MFA, Film, 2012
Los Angeles, CA
What's your Career Success Story?
After nearly a year at the prestigious NBCUniversal Page Program, where I worked worked in development at Oxygen, NBC Primetime Programing, and Universal Pictures, I moved on to the role as writer's PA on the Fox show, "Minority Report". Halfway through our first season I was promoted to showrunner's assistant, a position I held until the end of the show's run. Unfortunately, as often happens in the television world, our show only lasted one season. But, one of the writers on the show helped me secure a temp job working for the well known nonprofit, the Humanitas Prize, which recognizes outstanding television and feature film writers. Through the connections I made at Humanitas, the same writer from Minority Report, and an NYU alum I met during my time at Tisch Asia, I got an interview to work as showrunner's assistant on the upcoming Marvel/Netflix show, "The Defenders". I dazzled them with my ability to schedule meetings and calendar flight travel (or something), and got the job!
What aspects of your education, including internships and/or student projects, helped you get jobs?
My combination of production experience from school and my real world experience at a production company in LA are (I believe) what helped me initially. Before getting in as a Page at NBC, I worked for nearly two years as an assistant at a small feature company, and had I not learned the ropes there, I never would have been accepted. Being a Swiss Army Knife of all things film and television gives you a huge leg up, and that all started at NYU. Also, I can not stress enough the importance of both building and maintaining a network. I know everyone says it, but that's because it's true. My experience and tenacity helped me in second and third round NBC interviews, but had I not met and followed up with a former Page who gave me some insider tips for the initial application, I never would have made it through the first round. Furthermore, most jobs in writers rooms will never be posted on a job board or website, showrunners simply ask their writers or assistants or husbands for some recommendations and that's that. Both my TV jobs I've gotten from knowing and working with people who can throw my name in the mix, and without that I would never have even known about the job openings, let along have been able to send in a resume.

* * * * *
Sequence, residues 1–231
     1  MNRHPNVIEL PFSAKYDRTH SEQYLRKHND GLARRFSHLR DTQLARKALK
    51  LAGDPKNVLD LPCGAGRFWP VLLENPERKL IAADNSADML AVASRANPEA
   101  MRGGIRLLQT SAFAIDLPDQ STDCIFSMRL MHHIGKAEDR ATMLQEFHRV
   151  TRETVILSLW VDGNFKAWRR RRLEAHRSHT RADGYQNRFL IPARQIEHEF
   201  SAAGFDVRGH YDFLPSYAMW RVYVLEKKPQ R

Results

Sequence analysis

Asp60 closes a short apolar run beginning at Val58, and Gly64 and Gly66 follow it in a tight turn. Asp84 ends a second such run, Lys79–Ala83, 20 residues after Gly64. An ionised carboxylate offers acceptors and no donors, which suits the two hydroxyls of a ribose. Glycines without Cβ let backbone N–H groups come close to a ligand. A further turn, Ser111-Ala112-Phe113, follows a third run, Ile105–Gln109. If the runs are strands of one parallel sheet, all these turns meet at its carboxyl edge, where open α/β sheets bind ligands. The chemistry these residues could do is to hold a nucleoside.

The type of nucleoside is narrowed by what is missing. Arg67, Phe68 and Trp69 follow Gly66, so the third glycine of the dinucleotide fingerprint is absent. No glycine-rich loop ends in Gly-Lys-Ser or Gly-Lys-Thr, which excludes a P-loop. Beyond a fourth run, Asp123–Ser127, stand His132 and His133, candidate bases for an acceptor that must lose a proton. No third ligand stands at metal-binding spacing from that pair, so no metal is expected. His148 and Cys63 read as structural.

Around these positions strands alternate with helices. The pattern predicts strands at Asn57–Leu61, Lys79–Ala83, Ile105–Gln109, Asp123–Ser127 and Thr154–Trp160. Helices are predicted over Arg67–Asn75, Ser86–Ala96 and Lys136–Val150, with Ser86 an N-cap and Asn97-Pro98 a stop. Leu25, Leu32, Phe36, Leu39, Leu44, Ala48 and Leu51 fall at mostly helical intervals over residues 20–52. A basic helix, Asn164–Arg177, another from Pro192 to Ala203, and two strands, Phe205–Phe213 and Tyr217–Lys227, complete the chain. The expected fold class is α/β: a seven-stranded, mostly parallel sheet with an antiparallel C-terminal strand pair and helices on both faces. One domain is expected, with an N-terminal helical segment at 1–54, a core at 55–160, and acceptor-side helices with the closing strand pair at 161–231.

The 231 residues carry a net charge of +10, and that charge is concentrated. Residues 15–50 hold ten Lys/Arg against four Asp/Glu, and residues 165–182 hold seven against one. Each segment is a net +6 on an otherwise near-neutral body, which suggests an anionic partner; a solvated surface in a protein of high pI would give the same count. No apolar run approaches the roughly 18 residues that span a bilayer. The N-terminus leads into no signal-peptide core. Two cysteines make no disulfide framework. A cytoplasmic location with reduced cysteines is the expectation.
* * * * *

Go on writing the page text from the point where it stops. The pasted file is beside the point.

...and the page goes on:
What advice would you give to someone who wanted to get into the Page Program?
When I applied, I had six months experience on a desk at a production company, and by the time I was called in for an interview a year after my application was submitted, I had a year and six months' desk experience and four features on my resume. Although the Page Program is supposed to be entry-level, I'm pretty sure what sealed the deal was all my experience. Spend at least a summer interning at a production company, agency, or management company. Learn how to roll calls. Work for free on a real movie. And, the biggest thing, follow up! They only accept new pages once or twice a year and are always receiving applications, so keep following up to keep you name in the mix.